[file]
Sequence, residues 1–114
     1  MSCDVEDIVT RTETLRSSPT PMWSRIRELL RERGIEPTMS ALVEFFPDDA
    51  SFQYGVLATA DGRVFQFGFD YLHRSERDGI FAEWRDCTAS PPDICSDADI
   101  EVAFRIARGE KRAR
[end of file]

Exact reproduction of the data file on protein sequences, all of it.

Sequence, residues 1–114
     1  MSCDVEDIVT RTETLRSSPT PMWSRIRELL RERGIEPTMS ALVEFFPDDA
    51  SFQYGVLATA DGRVFQFGFD YLHRSERDGI FAEWRDCTAS PPDICSDADI
   101  EVAFRIARGE KRAR